Democrat lawmaker of ‘Tennessee Three’ announces 2024 challenge to Republican US Sen Marsha Blackburn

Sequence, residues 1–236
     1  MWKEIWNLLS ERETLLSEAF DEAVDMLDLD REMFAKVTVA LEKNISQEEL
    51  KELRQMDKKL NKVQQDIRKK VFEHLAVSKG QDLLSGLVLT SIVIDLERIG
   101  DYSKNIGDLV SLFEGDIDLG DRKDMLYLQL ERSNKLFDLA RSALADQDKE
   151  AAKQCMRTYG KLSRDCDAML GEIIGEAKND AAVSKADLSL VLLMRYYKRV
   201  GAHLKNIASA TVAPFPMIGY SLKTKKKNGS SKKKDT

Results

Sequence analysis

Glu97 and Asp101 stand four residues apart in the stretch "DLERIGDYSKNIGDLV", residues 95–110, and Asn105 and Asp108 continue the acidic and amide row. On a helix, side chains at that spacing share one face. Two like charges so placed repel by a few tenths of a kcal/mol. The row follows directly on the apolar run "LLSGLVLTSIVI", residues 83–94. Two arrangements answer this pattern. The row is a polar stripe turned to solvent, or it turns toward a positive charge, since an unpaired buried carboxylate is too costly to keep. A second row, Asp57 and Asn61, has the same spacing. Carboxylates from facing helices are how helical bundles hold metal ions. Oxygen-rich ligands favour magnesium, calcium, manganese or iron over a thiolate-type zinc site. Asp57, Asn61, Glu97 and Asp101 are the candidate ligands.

Democrat state lawmaker Rep. Gloria Johnson, part of the “Tennessee Three” who joined gun control protesters in disrupting sessions earlier this year after Nashville’s deadly school shooting, announced Tuesday that she is running for U.S. Senate in 2024, challenging Republican incumbent Sen. Marsha Blackburn.  At the first of three stops planned to announce her U.S. Senate bid Tuesday, Johnson addressed a crowd of supporters in Knoxville.  “Once a teacher, always a teacher. And so I’m always willing to help folks that need it because I want our young people to be successful. It’s just critical. They’re our next generation. They’re why we’re here. It’s what we’re fighting for, quite frankly. But just so you know, I’m Gloria Johnson, and I’m running for U.S. Senate,” Johnson said on camera, garnering applause.  Johnson is expected to speak at a memorial park in Memphis later on Tuesday.  TENNESSEE LAWMAKERS EXPELLED IN WAKE OF NASHVILLE SCHOOL SHOOTING VIE TO RECLAIM SEATS “It’s no surprise that radical socialist Gloria Johnson decided to jump into the race at the urging of liberals in Washington, joining Marquita Bradshaw and others in the race for the Democratic nomination,” Blackburn’s campaign spokesperson Abigail Sigler said in a statement, reacting to the announcement.  Sigler went on to call Johnson “as woke as the come,” adding that “she would be a puppet for Joe Biden, the Squad, and Chuck Schumer” if she were to join the Senate.  “While Senator Blackburn is working hard to fight back against Biden’s woke agenda, State Rep. Johnson is pushing that divisive, destructive agenda here in Tennessee,” Sigler continued. “Tennesseans deserve a United States Senator who is committed to fighting for our conservative values. Senator Blackburn will continue her record of getting things done and fighting for Tennessee families.” Johnson was among fellow Democrat state Reps. Justin Jones and Justin Pearson who faced possible expulsion for their roles in a gun control protest inside the Tennessee State Capitol earlier this year. Johnson, who is White, claimed she narrowly escaped expulsion due to her race, given that Jones and Pearson, both Black, were booted from the roles in the Republican controlled state legislature but later reinstated. The incident propelled the trio, dubbed the “Tennessee Three,” to the national spotlight and to a White House visit with President Biden.  The April demonstration came just days after 28-year-old Audrey Hale, a transgender former student, opened fire at The Covenant School, killing three children and three adults.  Meanwhile, Blackburn is still serving her first six-year term in the U.S. Senate after being sworn in January 2019. The Republican, who previously aligned herself with former President Trump but later voted to certify the 2020 election results, previously served in the U.S. House representing Tennessee’s 7th Congressional District.  RAMASWAMY DEMANDS TENNESSEE GOVERNOR, FBI RELEASE NASHVILLE SCHOOL SHOOTER’S MANIFESTO: ‘SPEAK THE TRUTH’ Last week, Republican state lawmakers in Tennessee voted to temporarily silence Jones during an already tense House floor session after determining the young Black member violated newly enacted rules designed to punish disruptive members. The move prohibited Jones from speaking on and debating bills for the remainder of the day, which came a week into a special session that Lee called in reaction to the March shooting at the Christian elementary school.  The state House and Senate are locked in an icy standoff over what to pass as families close to the shooting have increasingly voiced their frustrations with the legislative process. Various mental health, juvenile justice, school safety and other proposals are among what’s being considered. Republican legislative leaders are not taking up any significant gun control changes, including the governor’s push to keep guns away from people judged to pose a threat to themselves or others. Fox News’ Aubrie Spady and The Associated Press contributed to this report. 
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